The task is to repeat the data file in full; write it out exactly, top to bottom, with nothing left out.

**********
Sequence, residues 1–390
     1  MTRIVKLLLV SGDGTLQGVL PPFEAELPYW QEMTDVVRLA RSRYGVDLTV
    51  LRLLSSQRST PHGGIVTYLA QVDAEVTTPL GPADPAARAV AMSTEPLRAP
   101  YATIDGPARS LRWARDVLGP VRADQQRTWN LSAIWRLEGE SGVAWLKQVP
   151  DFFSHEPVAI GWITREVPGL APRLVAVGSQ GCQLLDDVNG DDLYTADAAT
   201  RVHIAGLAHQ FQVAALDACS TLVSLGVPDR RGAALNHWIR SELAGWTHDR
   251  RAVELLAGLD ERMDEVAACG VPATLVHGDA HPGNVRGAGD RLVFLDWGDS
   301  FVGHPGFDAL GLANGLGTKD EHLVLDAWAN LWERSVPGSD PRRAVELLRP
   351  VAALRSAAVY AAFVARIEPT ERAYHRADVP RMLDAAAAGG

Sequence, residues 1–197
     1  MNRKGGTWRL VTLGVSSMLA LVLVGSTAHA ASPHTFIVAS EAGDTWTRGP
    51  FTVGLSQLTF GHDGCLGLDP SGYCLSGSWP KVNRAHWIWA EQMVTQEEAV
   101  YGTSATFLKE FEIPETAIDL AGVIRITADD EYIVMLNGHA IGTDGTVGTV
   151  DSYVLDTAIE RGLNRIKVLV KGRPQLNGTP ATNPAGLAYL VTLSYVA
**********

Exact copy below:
Sequence, residues 1–390
     1  MTRIVKLLLV SGDGTLQGVL PPFEAELPYW QEMTDVVRLA RSRYGVDLTV
    51  LRLLSSQRST PHGGIVTYLA QVDAEVTTPL GPADPAARAV AMSTEPLRAP
   101  YATIDGPARS LRWARDVLGP VRADQQRTWN LSAIWRLEGE SGVAWLKQVP
   151  DFFSHEPVAI GWITREVPGL APRLVAVGSQ GCQLLDDVNG DDLYTADAAT
   201  RVHIAGLAHQ FQVAALDACS TLVSLGVPDR RGAALNHWIR SELAGWTHDR
   251  RAVELLAGLD ERMDEVAACG VPATLVHGDA HPGNVRGAGD RLVFLDWGDS
   301  FVGHPGFDAL GLANGLGTKD EHLVLDAWAN LWERSVPGSD PRRAVELLRP
   351  VAALRSAAVY AAFVARIEPT ERAYHRADVP RMLDAAAAGG

Sequence, residues 1–197
     1  MNRKGGTWRL VTLGVSSMLA LVLVGSTAHA ASPHTFIVAS EAGDTWTRGP
    51  FTVGLSQLTF GHDGCLGLDP SGYCLSGSWP KVNRAHWIWA EQMVTQEEAV
   101  YGTSATFLKE FEIPETAIDL AGVIRITADD EYIVMLNGHA IGTDGTVGTV
   151  DSYVLDTAIE RGLNRIKVLV KGRPQLNGTP ATNPAGLAYL VTLSYVA